Addiction Psychiatry

Addiction psychiatry deals with the diagnosis and treatment of substance use disorders and other addictive behaviors. Addiction psychiatrists help individuals overcome dependencies on substances such as alcohol, drugs, or gambling, and address the co-occurring mental health issues that may contribute to addiction.

Forensic Psychiatry

Forensic psychiatry involves the interface of mental health and the legal system. Forensic psychiatrists may evaluate individuals for competency to stand trial, assess mental health issues in legal cases, and provide expert testimony in court proceedings.

Emergency Psychiatry

Emergency psychiatry focuses on the evaluation and management of acute mental health crises. Emergency psychiatrists provide urgent assessments and interventions for individuals experiencing severe psychiatric symptoms or thoughts of self-harm or suicide.

These branches often overlap and work collaboratively to address the complex and diverse challenges in the field of psychiatry. Psychiatrists may choose to specialize in one of these branches or work in a combination of areas based on their interests and expertise. Additionally, advancements in the field of psychiatry continue to create new sub-specialties and areas of focus, expanding the scope of mental health care.

Are you reluctant to see a psychiatrist?

Reluctance to see a psychiatrist can stem from various reasons, such as the stigma surrounding mental health, fear of receiving a diagnosis, or worries about the potential side effects of medication. Additionally, concerns about privacy and past negative experiences with mental health professionals can also contribute to hesitation.

To overcome this reluctance, it's essential to educate yourself about mental health conditions and available treatment options. Speaking to friends or family who have sought mental health support can also provide valuable insights and reassurance.

If you're not ready for psychiatric care, consider seeking support from a therapist or counselor first. They can help you explore your feelings, cope with challenges, and guide you toward the next steps that align with your comfort level.

Remember that seeking help for your mental health is not a sign of weakness; it is an act of courage and self-awareness. By taking your time, being compassionate with yourself, and acknowledging your feelings, you can gradually work towards seeking the support you need.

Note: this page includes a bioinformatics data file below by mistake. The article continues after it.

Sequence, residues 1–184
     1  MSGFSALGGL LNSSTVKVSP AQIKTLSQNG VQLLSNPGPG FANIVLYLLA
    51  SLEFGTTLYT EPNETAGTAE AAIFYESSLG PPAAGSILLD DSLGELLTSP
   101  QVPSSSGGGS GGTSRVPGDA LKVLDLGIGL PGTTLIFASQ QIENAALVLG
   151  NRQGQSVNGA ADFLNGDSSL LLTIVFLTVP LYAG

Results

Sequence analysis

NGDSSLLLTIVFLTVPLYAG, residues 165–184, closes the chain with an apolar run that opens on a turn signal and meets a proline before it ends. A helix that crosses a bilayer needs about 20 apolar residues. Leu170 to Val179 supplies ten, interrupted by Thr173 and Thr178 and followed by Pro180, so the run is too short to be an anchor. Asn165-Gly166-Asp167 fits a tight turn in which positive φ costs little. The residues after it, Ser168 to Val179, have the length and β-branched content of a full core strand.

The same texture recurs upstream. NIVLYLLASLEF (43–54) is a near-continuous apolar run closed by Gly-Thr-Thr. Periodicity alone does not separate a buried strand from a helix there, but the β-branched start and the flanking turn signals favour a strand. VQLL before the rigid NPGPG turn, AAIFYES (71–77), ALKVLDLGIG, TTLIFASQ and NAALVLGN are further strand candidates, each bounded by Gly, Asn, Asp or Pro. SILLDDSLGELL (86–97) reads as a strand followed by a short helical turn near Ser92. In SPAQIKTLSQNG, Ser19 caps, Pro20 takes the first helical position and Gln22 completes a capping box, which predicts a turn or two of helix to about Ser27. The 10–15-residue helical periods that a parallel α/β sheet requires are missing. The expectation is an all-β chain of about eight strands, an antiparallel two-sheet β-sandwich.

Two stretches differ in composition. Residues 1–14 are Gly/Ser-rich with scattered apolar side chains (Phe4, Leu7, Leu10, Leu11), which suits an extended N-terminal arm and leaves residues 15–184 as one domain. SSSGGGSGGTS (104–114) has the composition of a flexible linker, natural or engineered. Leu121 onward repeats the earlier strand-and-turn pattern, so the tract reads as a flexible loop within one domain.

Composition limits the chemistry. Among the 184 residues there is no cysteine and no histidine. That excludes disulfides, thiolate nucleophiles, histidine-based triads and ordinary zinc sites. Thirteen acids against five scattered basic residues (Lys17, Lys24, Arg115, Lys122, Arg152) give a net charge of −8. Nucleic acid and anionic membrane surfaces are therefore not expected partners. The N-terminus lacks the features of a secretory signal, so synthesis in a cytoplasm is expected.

When to see a psychiatrist for your mental health treatment 

Knowing when to see a psychiatrist for mental health treatment can be essential in addressing and managing various mental health concerns. While the decision may vary based on individual circumstances, here are some situations when it is advisable to seek the expertise of a psychiatrist:

Persistent Symptoms

If you've been experiencing persistent or worsening symptoms of a mental health condition, such as depression, anxiety, mood swings, or hallucinations, it's essential to consult a psychiatrist. They can conduct a comprehensive evaluation to provide an accurate diagnosis and develop an appropriate treatment plan.

Difficulty Functioning

If your mental health symptoms are interfering with your daily life, relationships, work, or school performance, seeking help from a psychiatrist can aid in improving your functionality and overall well-being.

Suicidal Thoughts or Self-Harm

If you are experiencing thoughts of self-harm or suicide, it is crucial to seek immediate help. Psychiatrists can provide urgent support and safety measures to help you through these challenging times.

FYI: If ever you or someone you know are having these thoughts, dial 988 for the Suicide and Crisis Lifeline

Hours: Available 24 hours. Languages: English, Spanish. Learn more

Unexplained Physical Symptoms

Some mental health conditions can manifest with physical symptoms such as unexplained pain or digestive issues. If medical evaluations have ruled out physical causes, a psychiatrist can explore the potential connection to mental health.

Difficulty Coping with Stress